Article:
The joy of the Harry Potter books was that there were little surprises all the time.

Cloudia said...

Useful heuristic to think about...


Thanks Charles


With Aloha from Waikiki
Comfort Spiral

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The Golden Eagle said...

Great points.

I think plausibility is the main issue with surprise. It must be possible within the details set out by the writer, even if it's a very slight possibility; if it isn't, then that leads to the situation where the reader feels like there wasn't warning.

Angie said...

Getting a surprise to feel organic to the story is important. [nod] If it feels like the writer just stuck it on with duct tape because they thought it'd be good to have a surprise right here, or worse, if it feels like the surprise is on the reader, with the writer snickering in the background over how he duped the idiot who was dumb enough to read their story, then that's a writer I won't read again.

Angie

pattinase (abbott) said...

The best endings are a bit of a surprise but more importantly inevitable IMHO.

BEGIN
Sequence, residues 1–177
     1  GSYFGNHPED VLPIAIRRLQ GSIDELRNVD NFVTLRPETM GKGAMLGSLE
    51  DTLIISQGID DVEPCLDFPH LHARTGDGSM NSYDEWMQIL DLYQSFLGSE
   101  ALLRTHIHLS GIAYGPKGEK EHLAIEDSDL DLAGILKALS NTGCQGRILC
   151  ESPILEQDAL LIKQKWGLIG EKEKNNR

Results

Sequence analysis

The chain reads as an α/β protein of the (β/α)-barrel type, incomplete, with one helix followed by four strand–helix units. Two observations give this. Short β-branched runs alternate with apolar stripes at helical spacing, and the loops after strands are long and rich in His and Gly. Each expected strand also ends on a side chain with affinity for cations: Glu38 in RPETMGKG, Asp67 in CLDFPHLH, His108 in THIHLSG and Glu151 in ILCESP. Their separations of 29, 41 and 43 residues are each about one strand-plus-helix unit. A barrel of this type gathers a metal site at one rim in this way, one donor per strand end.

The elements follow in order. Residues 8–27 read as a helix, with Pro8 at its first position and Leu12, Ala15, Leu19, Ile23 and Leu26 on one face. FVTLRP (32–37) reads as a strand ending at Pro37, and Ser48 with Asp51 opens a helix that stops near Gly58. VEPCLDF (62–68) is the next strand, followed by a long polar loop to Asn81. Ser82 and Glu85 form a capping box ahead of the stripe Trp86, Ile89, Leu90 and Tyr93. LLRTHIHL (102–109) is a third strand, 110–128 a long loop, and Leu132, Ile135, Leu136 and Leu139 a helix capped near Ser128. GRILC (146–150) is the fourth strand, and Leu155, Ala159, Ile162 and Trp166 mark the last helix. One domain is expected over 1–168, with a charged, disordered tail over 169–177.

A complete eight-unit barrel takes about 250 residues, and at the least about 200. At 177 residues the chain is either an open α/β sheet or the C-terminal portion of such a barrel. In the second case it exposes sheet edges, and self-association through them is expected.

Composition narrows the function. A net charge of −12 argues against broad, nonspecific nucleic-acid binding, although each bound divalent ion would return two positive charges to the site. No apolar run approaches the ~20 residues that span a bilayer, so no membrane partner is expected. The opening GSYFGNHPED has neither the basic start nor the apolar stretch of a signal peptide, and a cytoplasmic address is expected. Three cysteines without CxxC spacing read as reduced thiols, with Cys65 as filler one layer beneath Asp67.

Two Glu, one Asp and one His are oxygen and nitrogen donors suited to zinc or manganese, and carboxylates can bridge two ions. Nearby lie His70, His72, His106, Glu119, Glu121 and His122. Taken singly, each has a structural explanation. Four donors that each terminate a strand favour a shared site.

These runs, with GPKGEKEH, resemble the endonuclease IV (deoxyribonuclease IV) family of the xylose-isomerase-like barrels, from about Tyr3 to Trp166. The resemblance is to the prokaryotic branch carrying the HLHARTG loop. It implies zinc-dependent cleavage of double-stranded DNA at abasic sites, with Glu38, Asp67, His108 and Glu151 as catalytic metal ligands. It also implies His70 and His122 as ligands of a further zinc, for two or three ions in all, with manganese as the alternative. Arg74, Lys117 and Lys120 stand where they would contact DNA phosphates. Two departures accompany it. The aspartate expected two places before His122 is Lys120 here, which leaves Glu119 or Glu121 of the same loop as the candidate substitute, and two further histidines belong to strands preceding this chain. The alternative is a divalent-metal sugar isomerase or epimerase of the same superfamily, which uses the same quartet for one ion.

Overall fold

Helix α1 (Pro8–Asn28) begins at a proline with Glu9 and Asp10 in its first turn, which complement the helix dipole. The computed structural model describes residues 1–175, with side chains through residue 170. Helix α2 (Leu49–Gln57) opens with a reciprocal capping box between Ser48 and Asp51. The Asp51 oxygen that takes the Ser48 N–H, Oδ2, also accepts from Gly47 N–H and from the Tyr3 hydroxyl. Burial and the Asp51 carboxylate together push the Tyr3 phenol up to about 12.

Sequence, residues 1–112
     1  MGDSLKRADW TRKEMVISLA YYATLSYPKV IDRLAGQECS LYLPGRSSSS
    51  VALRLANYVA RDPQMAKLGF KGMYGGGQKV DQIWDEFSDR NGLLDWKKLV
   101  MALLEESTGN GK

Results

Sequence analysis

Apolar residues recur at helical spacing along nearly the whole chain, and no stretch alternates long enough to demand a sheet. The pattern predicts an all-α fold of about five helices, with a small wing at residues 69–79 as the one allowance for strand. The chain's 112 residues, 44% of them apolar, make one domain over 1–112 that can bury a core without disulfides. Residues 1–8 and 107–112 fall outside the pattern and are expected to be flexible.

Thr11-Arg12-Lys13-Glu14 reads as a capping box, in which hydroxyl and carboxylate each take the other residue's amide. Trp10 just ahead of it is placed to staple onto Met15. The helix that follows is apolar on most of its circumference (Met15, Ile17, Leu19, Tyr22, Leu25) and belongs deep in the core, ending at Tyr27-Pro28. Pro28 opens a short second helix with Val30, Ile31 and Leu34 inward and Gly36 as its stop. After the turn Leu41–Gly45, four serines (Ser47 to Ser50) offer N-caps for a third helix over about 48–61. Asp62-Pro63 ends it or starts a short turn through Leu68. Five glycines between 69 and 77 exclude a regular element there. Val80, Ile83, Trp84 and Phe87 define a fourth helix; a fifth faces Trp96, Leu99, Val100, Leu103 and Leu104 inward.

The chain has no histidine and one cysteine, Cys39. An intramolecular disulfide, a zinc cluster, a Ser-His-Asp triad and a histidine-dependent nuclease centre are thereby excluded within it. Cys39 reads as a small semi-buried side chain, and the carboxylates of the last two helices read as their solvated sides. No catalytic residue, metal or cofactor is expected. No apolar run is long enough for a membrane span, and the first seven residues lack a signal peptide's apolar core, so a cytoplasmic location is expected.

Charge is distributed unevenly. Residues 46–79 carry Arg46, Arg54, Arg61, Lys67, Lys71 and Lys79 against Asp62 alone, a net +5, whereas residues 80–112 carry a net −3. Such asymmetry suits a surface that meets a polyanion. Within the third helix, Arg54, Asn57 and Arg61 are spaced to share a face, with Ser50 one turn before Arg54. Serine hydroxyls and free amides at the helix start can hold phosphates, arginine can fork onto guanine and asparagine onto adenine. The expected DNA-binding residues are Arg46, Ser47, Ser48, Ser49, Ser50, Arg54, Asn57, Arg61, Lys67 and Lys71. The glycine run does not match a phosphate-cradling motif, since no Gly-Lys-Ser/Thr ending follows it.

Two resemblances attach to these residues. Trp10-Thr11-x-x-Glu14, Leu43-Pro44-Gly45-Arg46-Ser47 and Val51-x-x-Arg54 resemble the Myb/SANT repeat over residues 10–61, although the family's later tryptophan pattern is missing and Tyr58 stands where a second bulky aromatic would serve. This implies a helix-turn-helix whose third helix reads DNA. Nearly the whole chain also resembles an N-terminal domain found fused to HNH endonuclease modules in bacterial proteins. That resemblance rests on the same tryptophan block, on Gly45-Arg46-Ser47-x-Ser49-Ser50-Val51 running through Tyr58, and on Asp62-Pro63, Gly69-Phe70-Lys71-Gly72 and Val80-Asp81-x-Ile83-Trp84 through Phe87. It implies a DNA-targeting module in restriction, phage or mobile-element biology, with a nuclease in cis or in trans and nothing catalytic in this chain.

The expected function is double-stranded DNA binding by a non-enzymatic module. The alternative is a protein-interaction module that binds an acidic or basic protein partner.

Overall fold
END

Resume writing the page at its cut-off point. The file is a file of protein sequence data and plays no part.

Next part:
Charles Gramlich said...

Shauna, I think you're right, both about so much modern fantasy and about the Harry Potter books. Authors need to leave the gift of surprise to their readers.

Cloudia, glad you enjoyed.

Golden Eagle, oh, definitely there are rules for how to use it. I may write a much longer piece on this sometime, but it probably would need to be longer to cover all the possibilities.

Angie, yes, I've read those kinds of surprise books, and it's very lazy writing in most circumstances.

Patti, when you combine those two it is outstanding.

Sean Patrick Reardon said...

Great post, Charles. I know suprise when I read it, but had not heard that term before, and it fits niceley. I guess I considered it the WTF factor when I came a cross it. Your examples were a big help. I know the last book I read Tollesbury Time Forever had some of these moments,which I will now refer to as "suprise" moments.

David J. West said...

Right on Charles, those hooks keep us turning the page.

Erik Donald France said...

Right on, and very interesting to look for as well as create.

Just started Zoe Heller's The Believers, and not only is she wicked, she's already landed two surprises.

Charles Gramlich said...

Sean, WTF covers it pretty well, though in a more intense form and one that doesn't always indicate a pleasant surprise.

David J., it works for me, man.

Erik, it's worth a study. I'm gonna have to make one one of these days.

Ello - Ellen Oh said...

Charles - that scarecrow idea was really impressive to me!! I would have been completely surprised by that!